[This is a contribution to the Iranian Film Blogathon hosted by The Sheila Variations. The blogathon is inspired by imprisoned Iranian director Jafar Panahi, and focuses on both his own films and those of other important Iranian directors. The blogathon will run from February 21-27, so check out all the related posts at Sheila's blog during this week.]
The Mirror uses a clever conceptual device as a way to observe, in pseudo-documentary fashion, the day-to-day rhythms of life in the city of Tehran. For the first half of the film, a young girl (Mina Mohammad Khani) tries to find her way home after her mother fails to pick her up after school. The girl gets a ride from a friendly stranger who calls himself the General, until his motorcycle gets smashed in an accident. Then she gets rides in various buses, seemingly picking them at random, hoping that they'll get her home. As she rides, she listens in on various conversations going on around her, and the film provides a glimpse into the lives of the ordinary people of the city, capturing attitudes in flux and the small complaints and pleasures of everyday life. Then, halfway through the film, the girl suddenly turns to the camera and says, "I'm not acting anymore," rips off her fake cast and the coat she'd been wearing, and storms off the bus, refusing to take part in the film anymore. After a hesitant interlude in which the film crew, including director Jafar Panahi, try to decide how to deal with their young star's sudden bout of anger, Panahi decides to continue following Mina anyway. As a result, the second half of the film mirrors the first, as the film crew follows Mina as she continues to try to find her way home — supposedly to the actress' real home now.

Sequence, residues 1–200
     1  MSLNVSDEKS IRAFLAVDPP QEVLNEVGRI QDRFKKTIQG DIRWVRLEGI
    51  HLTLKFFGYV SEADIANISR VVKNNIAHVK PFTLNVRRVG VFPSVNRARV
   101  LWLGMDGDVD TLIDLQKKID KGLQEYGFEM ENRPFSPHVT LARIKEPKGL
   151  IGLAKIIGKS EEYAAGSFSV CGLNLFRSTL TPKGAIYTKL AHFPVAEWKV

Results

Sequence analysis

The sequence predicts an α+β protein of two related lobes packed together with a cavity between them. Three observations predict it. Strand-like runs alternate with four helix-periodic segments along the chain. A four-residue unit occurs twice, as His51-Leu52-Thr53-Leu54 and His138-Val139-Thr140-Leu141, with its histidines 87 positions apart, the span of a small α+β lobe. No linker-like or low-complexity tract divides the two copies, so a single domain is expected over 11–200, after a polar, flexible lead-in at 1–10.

The film's structure calls attention to the continuity between fiction and reality, as the staged scenes of the early part of the film are mirrored by the supposedly "real" scenes of the latter half (even though it's doubtful that anything in the film is actually unscripted). Both halves of the film concern a girl trying to get home, lost in the city, and Mina's character — stubborn, independent, wise in her childish way — hardly changes when she says she's going to stop acting. At one point, in the second half of the film, Mina meets an old woman who had been on a bus with her earlier, talking about her uncaring children and her feeling that her life is miserable. Mina sits with the woman and finds out that she hadn't been acting earlier, that though she'd been paid to be in the film, everything she'd said had been a description of her actual life and her actual feelings. Later in the film, someone who'd been watching the filming compliments Mina on her acting but especially singles out for a praise a scene where, supposedly, she hadn't been acting, a scene after she broke character and quit the film. The line between fiction and reality is blurry here, and it seems to be Panahi's assertion that, in both fiction and documentary, artists are attempting to capture the essence of reality, and in that sense it hardly matters if something is factual as long as it's true to the emotional and social reality that the camera captures. And in spite of the metafictional gimmick at the heart of the film, it's obvious that The Mirror is true to reality, that Panahi is trying to present a portrait of life in the city with all its complexity.